Montgomery County Public Schools Superintendent Joshua P. Starr said he prioritized adding classroom space in his newly proposed $1.55 billion Capital Improvements Program for fiscal years 2015 to 2020.
“We are bursting at the seams,” he said Monday at Highland Elementary School in Silver Spring, which is at maximum capacity.
Starr said the school system needs $2.2 billion to cover all of its capital improvement needs for the six-year period. He is proposing a $1.55 billion program, he said, because the county is currently facing “fiscal restraints” and the school system is not getting the funding it deserves from the state.
The proposed program is about $184 million higher than the current program, which covers fiscal years 2013 to 2018.
Starr said the program addresses the school system’s ongoing, significant enrollment growth with a recommendation for 14 new classroom addition projects. The plan also maintains schedules for other, previously approved capacity projects, including five new schools.
Since 2007, he said, the school system has grown by 14,000 students; another 11,000 are expected over the next six years.
Even if the program were fully funded, Starr said, 13 school clusters are expected to be over capacity in fiscal 2020. Fifteen school clusters in the system are over capacity this fiscal year.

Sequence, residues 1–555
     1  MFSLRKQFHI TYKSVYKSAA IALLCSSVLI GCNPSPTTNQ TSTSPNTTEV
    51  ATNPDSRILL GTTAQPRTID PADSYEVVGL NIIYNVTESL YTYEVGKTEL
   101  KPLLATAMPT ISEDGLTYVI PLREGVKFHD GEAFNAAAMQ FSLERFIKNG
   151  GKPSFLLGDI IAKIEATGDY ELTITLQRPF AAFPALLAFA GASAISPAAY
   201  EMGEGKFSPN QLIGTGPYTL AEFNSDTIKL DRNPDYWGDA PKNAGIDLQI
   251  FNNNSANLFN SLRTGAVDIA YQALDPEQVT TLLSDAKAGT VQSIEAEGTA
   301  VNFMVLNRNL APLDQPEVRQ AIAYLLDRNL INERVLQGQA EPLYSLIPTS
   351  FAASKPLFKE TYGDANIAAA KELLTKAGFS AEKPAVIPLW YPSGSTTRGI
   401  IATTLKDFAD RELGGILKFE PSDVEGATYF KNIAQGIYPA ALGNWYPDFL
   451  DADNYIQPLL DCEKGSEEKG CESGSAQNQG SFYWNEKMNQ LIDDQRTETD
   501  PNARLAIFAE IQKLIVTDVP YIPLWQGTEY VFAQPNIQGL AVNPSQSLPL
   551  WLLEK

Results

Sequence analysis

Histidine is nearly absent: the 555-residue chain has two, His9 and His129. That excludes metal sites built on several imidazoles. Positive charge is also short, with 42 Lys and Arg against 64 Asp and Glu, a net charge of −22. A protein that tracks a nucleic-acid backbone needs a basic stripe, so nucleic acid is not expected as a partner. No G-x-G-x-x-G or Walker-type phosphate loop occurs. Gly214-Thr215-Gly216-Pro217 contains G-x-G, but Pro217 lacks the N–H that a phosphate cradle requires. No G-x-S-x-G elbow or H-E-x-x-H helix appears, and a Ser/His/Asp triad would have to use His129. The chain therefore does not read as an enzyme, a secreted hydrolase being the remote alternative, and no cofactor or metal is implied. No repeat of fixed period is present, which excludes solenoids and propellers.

Most of the school system’s growth has occurred in elementary schools, he said.
Of the 14 classroom addition projects, 12 are proposed for elementary schools.
Starr recommended five addition projects at elementary schools in the Downcounty Consortium, an area that he said has faced the county’s largest growth in the last six years.
“While the growth is most dramatic in the DCC, we’re also seeing enormous elementary enrollment growth across the district,” he said.
The downcounty elementary schools with planned addition projects include: Brookhaven, Glen Haven, Kemp Mill, Sargent Shriver and Highland.
The other schools where addition projects are planned include Ashburton, Lucy V. Barnsley, Burtonsville, Diamond, Kensington-Parkwood, Christa McAuliffe and Judith Resnik elementary schools; North Bethesda Middle School; and Bethesda-Chevy Chase High School.
Other previously approved elementary- and secondary-school capacity projects are scheduled to stay on target in the program. The projects include classroom additions; new elementary schools to serve the Clarksburg, Northwest and Richard Montgomery clusters; and new middle schools to serve the Clarksburg/Damascus and Bethesda-Chevy Chase clusters.
About $725 million — or about 47 percent — is recommended for “revitalizations/expansions.”
“The schools built in the ’60s and ’70s, the ones we’re replacing now, were not built to last,” Starr said. “We see that across the county and renovating them is not cost efficient.”
Starr said the recommended plan includes more than two dozen such projects, adding about 118 classrooms throughout the system.
The plan, however, pushes back the timeline of 20 of those projects.